Now, on to trying the autolyze process.
On a final note, even Boris is trying something new. He is off the Prescription Diet and is now eating a new, almost as expensive Hills Science cat food. And he likes it!
Talk about starting from scratch! I’m impressed! [But I think your link to the DIY Bronze clay is broken…]
The link, she is fixed! Thanks for letting me know. I will be impressed if I get good results with the bronze clay in the kiln. 🙂
Your adventures in wheat grinding were good for a laugh—but the finished product looks delicious! As for the differences in domestic and foreign wheat, I believe it is glyphosate that is used here, but banned elsewhere. I’ve heard imported Italian pasta can be eaten by lots of gluten sensitive people. Where did your wheat berries come from? I agree you can dodge the mold and staleness that way, but if it isn’t organic and nonGMO it could still be a problem. Have fun. Love your blog!
Thanks for your kind comments. I do not pretend to know much about gluten intolerance. I am going to read up on glyphosate with which I am totally unfamiliar. I suppose I could say the same thing about men, but I don’t think I will find as much research on them.
And I firmly believe that people have the right to eat what they want and to stay away from food that makes them feel bad or that they simply don’t like. Without unsolicited comments. I knew someone with a nut allergy that a relative decided was “all in his head.” She put some ground up nuts in a cake to test her theory, and he ended up in the emergncy room.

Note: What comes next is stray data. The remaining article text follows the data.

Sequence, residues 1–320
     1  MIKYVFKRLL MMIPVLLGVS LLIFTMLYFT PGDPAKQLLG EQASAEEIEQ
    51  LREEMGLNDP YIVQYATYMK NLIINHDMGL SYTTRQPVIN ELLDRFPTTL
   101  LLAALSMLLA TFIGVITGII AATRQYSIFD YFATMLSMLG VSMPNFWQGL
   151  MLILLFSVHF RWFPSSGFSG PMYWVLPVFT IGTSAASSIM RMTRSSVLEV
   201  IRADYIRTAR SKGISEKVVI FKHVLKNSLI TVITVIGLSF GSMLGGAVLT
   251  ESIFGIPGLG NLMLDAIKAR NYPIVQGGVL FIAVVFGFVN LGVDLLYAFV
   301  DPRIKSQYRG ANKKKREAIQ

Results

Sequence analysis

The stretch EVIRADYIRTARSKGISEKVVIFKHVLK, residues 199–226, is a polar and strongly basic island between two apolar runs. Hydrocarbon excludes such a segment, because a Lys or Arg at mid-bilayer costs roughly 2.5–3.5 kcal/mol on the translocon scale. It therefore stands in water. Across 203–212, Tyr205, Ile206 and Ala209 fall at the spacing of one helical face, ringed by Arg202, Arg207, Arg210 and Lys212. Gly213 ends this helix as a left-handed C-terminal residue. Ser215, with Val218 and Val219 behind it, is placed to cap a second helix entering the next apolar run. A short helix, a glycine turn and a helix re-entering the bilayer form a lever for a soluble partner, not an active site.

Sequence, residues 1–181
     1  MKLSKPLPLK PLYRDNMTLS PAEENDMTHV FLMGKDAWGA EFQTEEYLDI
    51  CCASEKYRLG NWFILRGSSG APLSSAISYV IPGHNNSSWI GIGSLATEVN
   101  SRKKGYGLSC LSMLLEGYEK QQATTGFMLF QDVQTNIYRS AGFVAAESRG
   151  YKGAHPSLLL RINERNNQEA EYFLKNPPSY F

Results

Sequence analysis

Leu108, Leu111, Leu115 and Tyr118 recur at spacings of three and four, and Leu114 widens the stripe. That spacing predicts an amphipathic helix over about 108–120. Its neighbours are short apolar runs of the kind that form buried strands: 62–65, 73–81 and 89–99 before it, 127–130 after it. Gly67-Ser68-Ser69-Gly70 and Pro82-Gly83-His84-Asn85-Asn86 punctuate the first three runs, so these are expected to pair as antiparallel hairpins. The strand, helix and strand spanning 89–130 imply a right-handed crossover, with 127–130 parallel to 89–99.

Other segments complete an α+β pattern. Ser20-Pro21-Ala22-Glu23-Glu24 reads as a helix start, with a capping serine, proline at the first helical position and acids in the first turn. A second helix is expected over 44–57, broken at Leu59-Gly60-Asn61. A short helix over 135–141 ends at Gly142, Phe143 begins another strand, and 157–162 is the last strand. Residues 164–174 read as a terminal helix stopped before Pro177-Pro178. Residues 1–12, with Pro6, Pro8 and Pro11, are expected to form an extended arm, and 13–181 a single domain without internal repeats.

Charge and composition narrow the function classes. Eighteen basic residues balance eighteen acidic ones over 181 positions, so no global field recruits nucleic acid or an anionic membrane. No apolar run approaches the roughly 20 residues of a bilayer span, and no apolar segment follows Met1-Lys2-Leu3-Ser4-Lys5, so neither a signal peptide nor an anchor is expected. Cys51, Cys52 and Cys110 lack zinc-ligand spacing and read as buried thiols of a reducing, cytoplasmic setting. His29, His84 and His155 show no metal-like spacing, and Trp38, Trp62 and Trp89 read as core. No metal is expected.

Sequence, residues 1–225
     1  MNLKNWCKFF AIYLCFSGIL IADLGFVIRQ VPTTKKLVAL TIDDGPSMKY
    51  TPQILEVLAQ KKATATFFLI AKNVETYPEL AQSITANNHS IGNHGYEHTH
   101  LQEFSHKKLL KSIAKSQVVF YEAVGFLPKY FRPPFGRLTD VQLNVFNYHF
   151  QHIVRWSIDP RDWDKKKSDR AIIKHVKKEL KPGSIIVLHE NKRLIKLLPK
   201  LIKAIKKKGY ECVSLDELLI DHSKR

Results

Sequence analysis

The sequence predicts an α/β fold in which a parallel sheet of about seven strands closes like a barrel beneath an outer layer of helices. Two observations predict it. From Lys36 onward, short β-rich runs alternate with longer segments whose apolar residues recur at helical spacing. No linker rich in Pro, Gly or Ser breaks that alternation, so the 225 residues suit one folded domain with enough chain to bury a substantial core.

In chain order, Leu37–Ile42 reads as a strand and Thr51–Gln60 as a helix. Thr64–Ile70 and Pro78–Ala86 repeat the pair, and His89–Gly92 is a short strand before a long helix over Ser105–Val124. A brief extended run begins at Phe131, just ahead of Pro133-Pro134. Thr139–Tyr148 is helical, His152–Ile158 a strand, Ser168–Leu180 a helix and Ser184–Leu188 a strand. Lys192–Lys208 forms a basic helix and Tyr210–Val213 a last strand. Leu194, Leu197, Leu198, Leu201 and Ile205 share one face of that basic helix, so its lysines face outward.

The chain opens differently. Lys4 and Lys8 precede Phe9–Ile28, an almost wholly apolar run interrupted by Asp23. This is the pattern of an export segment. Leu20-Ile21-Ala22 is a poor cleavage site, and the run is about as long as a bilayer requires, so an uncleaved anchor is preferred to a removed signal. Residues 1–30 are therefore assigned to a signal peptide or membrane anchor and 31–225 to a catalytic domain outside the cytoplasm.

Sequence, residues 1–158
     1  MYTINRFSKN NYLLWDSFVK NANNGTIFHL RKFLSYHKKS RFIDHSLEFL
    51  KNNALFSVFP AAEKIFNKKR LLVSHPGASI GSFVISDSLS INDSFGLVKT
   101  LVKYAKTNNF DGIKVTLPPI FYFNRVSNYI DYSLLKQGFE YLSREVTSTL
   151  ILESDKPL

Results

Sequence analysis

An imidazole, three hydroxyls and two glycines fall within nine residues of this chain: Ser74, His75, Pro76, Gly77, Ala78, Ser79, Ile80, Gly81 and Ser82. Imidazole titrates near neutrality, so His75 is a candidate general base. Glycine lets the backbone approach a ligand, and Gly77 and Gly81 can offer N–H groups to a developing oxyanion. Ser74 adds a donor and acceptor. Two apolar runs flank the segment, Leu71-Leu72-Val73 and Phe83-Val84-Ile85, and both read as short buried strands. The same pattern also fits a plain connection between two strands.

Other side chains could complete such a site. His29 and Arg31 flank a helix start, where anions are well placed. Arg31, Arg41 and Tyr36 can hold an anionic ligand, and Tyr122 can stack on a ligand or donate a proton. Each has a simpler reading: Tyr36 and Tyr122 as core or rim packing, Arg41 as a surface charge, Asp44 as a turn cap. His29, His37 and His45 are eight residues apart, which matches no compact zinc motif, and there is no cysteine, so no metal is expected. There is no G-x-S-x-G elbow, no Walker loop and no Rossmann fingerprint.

A lot of things are touted as “ non-GMO” but in fact, only a limited number of crops are on the GMO list (so far!). So the consumer thinks she is getting something special when in fact it’s the standard. Kind of like pushing candy corn as a no fat snack. Which I have seen. 🤦🏻♀️ For more information, go to https://gmoanswers.com/current-gmo-crops. (I love candy corn btw)
The wheat berries, from Augason Farms, are labeled “all natural.” (Yikes! I sure as h**l hope so! 😫.) The all natural label is often used misleadingly. Lead and arsenic are all natural too, but I would not eat them. I bought the berries on Amazon. Augason Farms deals with the energency preparedness and survival market. The berries do not list any preservatives or additives (which is what Augason Farms must mean by all natural) but the berries don’t need them if they are dried and stored correctly. People were eating and storing wheat long before modern preservatives came into being. The berries are not certified organic.
I must confess that I have still not gotten my mind around the whole organic thing. Maybe that’s my sceptical Sicilian half. I refuse to spend my money on organic junk food at Whole Foods and Trader Joes. They are as much a part of agribusiness as General Mills. OTOH, I am in favor of buying local, from Farmers Markets and small farms even if they are not certified. For more info, see https://www.ams.usda.gov/services/organic-certification/need-be-certified.